De Blasio warns ‘billions upon billions’ in losses amid lockdown, pleads for relief from feds

 De Blasio warns ‘billions upon billions’ in losses amid lockdown, pleads for relief from feds

New York City Mayor Bill de Blasio is begging for financial help from Washington, D.C. and his own state in the wake of a multibillion-dollar deficit.

The Democrat announced the emergency on Wednesday, revealing the city’s shortfall amid the coronavirus pandemic, warning that assistance was needed in order to keep the city functioning and suggesting he may have to borrow the money to get out of the hole.

(Image: NBC News screenshot)

“We are now $9 billion in the hole between the current fiscal year and the one that begins July 1,” de Blasio said during his daily coronavirus briefing from City Hall, revising a previous estimate that New York City would see $7.4 billion in losses due to the pandemic.

“We have lost billions upon billions of dollars of revenue that we use to serve our people. It’s gone. It’s not coming back,” he added.

The mayor and Democratic Gov. Andrew Cuomo are apparently looking to Washington to solve their problems, even while blaming President Donald Trump for problems of their own making as they continue lockdown orders that keep the Empire State from getting back to work.

“The only way to possibly keep this city functioning and keep the services provided, keep people on our payroll, is if we get a really substantial stimulus program from Washington,” de Blasio said, adding that “we don’t know when that’s going to be right now.”

“They have not scheduled to vote in the Senate. We don’t know what it’s going to look like. And meanwhile, we have a budget due on June 30 by law,” he said, apparently ignoring the fact that he can decide to lift restrictions and allow people to get back to work.

“This week I asked the state of New York for help. I asked the state of New York to give us a fallback, give us a safety net,” de Blasio continued. “It’s something we need as a last resort if our federal government isn’t there for us, if we’re going to maintain basic services here in the city.”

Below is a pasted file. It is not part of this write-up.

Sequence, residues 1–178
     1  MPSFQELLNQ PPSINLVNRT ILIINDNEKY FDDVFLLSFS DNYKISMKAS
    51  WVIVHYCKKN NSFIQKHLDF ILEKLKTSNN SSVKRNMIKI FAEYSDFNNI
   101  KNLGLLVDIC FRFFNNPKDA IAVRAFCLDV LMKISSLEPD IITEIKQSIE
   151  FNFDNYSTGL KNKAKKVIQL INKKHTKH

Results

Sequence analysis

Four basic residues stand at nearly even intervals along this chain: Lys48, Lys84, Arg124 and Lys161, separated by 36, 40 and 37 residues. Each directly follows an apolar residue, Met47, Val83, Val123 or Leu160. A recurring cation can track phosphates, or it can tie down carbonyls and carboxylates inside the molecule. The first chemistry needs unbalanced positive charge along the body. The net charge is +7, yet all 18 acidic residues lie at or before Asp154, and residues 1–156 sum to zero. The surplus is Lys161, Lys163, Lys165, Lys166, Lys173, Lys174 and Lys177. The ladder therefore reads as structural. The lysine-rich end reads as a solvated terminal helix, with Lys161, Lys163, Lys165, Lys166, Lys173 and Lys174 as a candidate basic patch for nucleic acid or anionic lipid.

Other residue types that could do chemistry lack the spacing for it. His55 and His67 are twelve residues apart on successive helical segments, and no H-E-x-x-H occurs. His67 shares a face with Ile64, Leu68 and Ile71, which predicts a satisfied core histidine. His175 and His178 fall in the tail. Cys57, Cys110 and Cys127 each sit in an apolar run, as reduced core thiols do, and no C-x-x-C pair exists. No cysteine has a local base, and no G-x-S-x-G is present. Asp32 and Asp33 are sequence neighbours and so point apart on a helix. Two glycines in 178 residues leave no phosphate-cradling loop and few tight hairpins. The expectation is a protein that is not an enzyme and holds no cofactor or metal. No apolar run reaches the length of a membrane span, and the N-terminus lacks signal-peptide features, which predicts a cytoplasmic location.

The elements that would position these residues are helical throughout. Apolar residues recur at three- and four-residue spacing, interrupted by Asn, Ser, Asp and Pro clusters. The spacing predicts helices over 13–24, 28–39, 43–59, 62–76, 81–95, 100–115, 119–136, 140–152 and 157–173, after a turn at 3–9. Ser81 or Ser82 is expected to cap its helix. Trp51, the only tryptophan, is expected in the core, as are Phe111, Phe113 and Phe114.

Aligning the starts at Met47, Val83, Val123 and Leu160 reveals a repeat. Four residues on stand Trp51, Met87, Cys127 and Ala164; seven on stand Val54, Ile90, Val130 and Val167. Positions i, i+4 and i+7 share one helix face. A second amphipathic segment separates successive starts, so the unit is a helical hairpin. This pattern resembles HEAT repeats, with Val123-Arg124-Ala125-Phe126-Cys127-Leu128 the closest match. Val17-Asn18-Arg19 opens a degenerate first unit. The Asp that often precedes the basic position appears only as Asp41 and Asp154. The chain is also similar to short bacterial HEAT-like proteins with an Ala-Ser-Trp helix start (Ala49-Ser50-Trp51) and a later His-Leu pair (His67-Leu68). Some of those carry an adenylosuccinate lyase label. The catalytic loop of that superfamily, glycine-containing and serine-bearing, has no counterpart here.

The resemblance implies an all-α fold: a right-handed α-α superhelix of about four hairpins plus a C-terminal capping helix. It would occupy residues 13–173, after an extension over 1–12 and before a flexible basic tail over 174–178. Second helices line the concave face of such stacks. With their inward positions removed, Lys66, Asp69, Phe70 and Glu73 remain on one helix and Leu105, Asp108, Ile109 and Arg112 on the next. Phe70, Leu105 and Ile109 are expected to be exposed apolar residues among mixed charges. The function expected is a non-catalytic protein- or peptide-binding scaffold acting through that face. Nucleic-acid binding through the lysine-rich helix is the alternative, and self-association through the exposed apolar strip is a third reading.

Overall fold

The financial crisis of the 1970s put an end to New York City’s ability to borrow funds and Cuomo appeared to quickly squash that idea from de Blasio, who has continued to resist budget cuts and layoffs. New York became the epicenter of the coronavirus crisis in the nation with more than 29,000 deaths attributed to the disease and more than 16,400 of them just in New York City.

“There is literally no way that we can solve this problem without federal help or without having to make very, very painful choices that will affect the quality of life in this city, our ability to provide basic services and how many people we’re able to employ to support you in the middle of a pandemic,” de Blasio said.

Both the mayor and governor have not indicated when the city and state will fully reopen. As Cuomo has allowed for some restrictions to be lifted in areas, in New York City de Blasio said it “can be a matter of months” before current lockdowns are lifted.

New York City’s Democratic city comptroller, who is running to succeed de Blasio, slammed the mayor’s request to borrow money, urging “extreme caution.”

“While it’s too soon to rule out any specific budget action, New Yorkers should know that under the mayor’s proposal our children could be paying over $500 million a year for the next 20 years,” Scott Stringer said, according to Politico.

A coalition of 300 small businesses has announced they plan to reopen with or without the mayor’s blessing. De Blasio fired back with threats.

“Anybody who reopens in defiance with orders of course we’re going to enforce and if we have to we’ll do summonses, get a commissioner’s order and the place will not be allowed to reopen in any way shape or form,” he said.

“If people jump the gun and don’t follow the rules that’s the best way to guarantee we don’t get to our reopening,” the Democrat added. “We’re going to enforce it and we’re going to enforce it aggressively.”

Frieda Powers

Senior Staff Writer
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Originally from New York, Powers graduated from New York University and eventually made her way to sunny South Florida where she has been writing for the BizPacReview team since 2015.

Frieda Powers

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